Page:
Monday, October 29, 2007
A D.C. hearing committee recently issued a report (which I assume was posted on the D.C. Bar's web page in error as it may be found in the listing of Board reports) that takes 38 pages of careful analysis to reach the result advocated by Bar Counsel as a disposition without any hearing. The lawyer had been suspended for six months in New York for a misdemeanor insurance fraud conviction. New Jersey and Florida promptly imposed reciprocal discipline. The lawyer has long since been reinstated in New York, New Jersey and Florida. In the District of Columbia, this would be far too efficient.
The D.C. Board ordered a full hearing into whether the offense involved moral turpitude, which would require disbarment under a provision of the D.C. Code. Bar Counsel did not charge moral turpitude and the hearing committee did not find it. The committee complains that its "ability to explore the underlying facts...was constrained by the limited record developed by the parties at the hearing." Well, the conduct took place in New York in 2001 and New York held a full hearing. What new evidence did the committee expect Bar Counsel to uncover six years after the fact?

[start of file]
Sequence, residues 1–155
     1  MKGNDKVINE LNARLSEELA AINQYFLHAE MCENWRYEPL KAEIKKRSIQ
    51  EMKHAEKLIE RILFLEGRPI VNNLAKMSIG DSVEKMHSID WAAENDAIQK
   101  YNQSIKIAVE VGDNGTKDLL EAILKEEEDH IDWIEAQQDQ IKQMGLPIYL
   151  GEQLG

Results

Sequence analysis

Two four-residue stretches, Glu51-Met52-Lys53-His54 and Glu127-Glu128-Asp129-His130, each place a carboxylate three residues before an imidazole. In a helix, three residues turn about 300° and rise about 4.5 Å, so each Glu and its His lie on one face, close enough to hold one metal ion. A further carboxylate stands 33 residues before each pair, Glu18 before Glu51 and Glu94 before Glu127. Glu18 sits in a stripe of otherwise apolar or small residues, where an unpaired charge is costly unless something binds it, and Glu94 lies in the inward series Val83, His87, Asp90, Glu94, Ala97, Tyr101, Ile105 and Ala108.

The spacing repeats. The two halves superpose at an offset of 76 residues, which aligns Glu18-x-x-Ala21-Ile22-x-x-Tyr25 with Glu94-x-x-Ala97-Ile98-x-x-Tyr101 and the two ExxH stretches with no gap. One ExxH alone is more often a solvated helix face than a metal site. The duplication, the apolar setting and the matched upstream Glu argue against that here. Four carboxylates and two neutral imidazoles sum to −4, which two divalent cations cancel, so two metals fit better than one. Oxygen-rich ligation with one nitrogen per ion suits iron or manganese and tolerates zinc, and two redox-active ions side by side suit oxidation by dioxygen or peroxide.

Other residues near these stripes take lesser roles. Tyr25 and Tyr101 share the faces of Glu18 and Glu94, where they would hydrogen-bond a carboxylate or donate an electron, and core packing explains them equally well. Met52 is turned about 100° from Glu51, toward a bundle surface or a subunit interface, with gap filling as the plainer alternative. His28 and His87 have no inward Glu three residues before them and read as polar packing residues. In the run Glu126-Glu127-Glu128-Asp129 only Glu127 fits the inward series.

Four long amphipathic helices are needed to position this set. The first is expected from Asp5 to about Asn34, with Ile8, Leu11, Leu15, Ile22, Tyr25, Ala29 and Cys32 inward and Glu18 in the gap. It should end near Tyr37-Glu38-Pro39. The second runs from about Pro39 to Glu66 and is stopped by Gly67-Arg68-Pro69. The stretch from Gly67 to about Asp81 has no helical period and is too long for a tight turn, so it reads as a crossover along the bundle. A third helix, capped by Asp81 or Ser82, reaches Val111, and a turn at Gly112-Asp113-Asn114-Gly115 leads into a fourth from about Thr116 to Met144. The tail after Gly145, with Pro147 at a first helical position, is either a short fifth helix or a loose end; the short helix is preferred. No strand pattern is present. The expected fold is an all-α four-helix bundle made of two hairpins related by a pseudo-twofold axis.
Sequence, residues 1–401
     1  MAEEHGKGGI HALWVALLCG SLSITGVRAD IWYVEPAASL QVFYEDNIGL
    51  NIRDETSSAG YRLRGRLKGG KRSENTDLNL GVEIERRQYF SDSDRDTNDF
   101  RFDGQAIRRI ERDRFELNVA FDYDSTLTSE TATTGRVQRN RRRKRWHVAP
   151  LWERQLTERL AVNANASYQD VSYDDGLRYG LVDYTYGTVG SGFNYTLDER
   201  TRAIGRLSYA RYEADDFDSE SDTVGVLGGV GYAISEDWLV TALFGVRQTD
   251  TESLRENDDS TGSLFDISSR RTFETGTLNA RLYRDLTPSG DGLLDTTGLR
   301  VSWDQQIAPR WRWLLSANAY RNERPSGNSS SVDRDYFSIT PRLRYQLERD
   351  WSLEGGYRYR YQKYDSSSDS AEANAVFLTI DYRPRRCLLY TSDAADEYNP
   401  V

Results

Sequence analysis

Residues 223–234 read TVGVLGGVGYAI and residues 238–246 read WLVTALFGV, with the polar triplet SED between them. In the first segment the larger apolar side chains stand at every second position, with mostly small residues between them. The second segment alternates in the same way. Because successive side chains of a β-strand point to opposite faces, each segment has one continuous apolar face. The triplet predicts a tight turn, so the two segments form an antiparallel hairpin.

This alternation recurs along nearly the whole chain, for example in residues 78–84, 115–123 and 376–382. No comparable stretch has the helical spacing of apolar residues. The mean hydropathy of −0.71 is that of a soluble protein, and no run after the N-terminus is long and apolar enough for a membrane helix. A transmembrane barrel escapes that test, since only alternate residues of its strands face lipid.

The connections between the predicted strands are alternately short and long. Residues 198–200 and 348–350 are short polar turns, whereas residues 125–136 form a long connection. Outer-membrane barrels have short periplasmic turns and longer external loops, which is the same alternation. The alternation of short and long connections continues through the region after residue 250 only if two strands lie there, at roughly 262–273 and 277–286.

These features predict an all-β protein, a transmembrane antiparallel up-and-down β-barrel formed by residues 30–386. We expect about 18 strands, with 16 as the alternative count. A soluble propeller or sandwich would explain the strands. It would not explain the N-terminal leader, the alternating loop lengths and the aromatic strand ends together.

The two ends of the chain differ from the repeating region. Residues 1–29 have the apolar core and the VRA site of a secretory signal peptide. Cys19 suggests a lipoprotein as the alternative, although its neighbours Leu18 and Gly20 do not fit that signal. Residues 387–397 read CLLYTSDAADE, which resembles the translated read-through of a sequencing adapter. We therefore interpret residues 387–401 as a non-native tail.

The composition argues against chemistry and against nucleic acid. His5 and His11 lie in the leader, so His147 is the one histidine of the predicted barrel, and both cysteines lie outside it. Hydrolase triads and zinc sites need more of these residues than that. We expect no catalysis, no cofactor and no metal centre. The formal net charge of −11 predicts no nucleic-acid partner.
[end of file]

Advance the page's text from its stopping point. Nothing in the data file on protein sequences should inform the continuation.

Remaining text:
The lawyer has already been suspended on an interim basis in D.C. for over 18 months and the matter must still be reviewed by the D.C. Board and Court of Appeals. (Mike Frisch)